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ASEAN states create community larger than EU

US Rep. Ilhan Omar (D-MN) (L) talks with Speaker of the House Nancy Pelosi (D-CA) during a rally with fellow Democrats before voting on H.R. 1, or the People Act, on the East Steps of the US Capitol on March 08, 2019 in Washington, DC. (AFP photo)
ASEAN leaders join their hands as they pose for photographers after signing Kuala Lumpur Declaration, Nov. 22, 2015. ©AP

Southeast Asian nations have created a unified economic community larger than the European Union and North America.

Leaders of the 10-member Association Southeast Asian Nations signed a declaration in Kuala Lumpur to set up the ASEAN Community in an area of 625 million people with a GDP of $2.6 trillion.

It aims to allow free movement of goods, services and skilled labor as part of an EU-style integration plan, without a common currency.

The community, known by its acronym AEC, is comprised of Brunei, Cambodia, Indonesia, Laos, Malaysia, Myanmar, the Philippines, Singapore, Thailand, and Vietnam.

The landmark formation caps the 48-year history of a group founded at the height of the Cold War as an anti-communist bulwark.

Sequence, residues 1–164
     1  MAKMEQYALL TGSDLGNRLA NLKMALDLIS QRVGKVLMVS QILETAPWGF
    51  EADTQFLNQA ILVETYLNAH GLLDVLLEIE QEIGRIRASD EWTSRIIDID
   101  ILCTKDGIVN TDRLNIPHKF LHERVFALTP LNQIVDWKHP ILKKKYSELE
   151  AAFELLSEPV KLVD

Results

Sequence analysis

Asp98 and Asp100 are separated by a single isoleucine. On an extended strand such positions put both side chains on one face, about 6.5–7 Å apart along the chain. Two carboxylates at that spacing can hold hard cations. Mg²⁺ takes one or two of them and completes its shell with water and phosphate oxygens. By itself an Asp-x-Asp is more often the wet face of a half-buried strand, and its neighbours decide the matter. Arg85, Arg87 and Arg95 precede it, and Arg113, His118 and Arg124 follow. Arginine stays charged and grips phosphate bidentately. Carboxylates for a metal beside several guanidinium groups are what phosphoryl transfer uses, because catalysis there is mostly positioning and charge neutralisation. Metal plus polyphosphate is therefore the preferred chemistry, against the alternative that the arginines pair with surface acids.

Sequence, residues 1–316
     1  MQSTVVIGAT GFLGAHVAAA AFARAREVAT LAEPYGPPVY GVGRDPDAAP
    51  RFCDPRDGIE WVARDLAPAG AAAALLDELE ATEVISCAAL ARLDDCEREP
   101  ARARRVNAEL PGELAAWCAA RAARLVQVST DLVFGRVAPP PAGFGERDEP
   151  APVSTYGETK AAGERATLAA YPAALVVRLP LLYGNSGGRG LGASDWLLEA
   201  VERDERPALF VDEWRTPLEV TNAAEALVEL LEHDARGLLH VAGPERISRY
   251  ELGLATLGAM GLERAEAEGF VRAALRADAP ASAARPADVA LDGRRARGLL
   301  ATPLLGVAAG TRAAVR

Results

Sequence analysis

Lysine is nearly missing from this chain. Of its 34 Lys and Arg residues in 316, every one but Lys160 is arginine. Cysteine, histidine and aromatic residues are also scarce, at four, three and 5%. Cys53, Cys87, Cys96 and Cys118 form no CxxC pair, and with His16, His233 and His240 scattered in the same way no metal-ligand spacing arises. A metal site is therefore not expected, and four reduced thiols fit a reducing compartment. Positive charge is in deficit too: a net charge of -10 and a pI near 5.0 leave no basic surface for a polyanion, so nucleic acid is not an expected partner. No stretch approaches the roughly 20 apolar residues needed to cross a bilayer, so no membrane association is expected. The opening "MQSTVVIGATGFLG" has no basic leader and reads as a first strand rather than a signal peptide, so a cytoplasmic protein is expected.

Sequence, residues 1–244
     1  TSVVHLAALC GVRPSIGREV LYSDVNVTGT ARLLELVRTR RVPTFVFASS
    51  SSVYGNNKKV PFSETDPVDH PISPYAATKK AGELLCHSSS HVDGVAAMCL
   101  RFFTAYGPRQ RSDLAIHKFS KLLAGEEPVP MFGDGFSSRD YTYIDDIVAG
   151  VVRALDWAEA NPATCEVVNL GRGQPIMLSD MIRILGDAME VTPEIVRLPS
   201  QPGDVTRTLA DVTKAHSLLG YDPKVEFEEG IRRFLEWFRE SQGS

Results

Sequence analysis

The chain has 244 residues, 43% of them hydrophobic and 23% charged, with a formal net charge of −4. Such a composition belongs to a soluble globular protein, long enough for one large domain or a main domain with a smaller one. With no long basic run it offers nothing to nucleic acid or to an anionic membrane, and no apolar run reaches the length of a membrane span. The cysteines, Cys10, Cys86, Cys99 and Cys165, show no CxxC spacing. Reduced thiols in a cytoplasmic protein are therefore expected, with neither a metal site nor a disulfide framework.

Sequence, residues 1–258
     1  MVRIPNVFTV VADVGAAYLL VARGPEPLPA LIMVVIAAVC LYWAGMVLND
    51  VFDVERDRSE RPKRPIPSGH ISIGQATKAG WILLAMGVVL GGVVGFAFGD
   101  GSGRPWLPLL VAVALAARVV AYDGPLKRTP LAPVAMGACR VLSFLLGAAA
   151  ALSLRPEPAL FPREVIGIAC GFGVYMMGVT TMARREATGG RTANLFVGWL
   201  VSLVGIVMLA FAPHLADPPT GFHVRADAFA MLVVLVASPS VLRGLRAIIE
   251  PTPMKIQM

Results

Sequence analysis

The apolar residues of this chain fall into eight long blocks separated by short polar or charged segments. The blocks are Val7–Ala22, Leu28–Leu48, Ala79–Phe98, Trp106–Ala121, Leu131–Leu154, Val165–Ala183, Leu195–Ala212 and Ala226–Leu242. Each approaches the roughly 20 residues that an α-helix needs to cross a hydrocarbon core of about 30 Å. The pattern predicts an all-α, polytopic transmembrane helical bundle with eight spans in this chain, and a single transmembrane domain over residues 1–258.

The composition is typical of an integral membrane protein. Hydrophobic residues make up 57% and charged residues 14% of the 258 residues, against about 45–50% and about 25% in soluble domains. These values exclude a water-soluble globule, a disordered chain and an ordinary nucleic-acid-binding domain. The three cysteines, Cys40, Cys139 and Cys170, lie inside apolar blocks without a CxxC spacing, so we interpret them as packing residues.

Prime Minister Najib Razak of Malaysia hailed AEC as a "landmark achievement" which hopes to compete with China and India, urging members to accelerate integration.

Members are already implementing removal of tariff barriers and visa restrictions and seek further to bolster income and employment, and provide the region with stronger economic muscle.

"We now have to ensure that we create a truly single market and production base, with freer movement of goods and services," Najib said after signing of the declaration.

The combined GDP of the ASEAN economies, he said, will grow to $4.7 trillion by 2020, and the bloc will become the world's fourth-largest economy as early as 2030.

Challenges to integration 

However, political sensitivities and other differences are believed to dog the formation.

ASEAN nations have various systems of government including communism in Laos and Vietnam, a military junta in Thailand, an authoritarian regime in Cambodia, a quasi-civilian system in Myanmar and a monarchy in Brunei.

The countries also speak different languages and follow various faiths amid diplomatic flare-ups among each other such as border disputes between Cambodia and Vietnam.

"Time will tell if today's signing ceremony is just more style over substance,” Curtis Chin, a former US ambassador to the Asian Development Bank, said.


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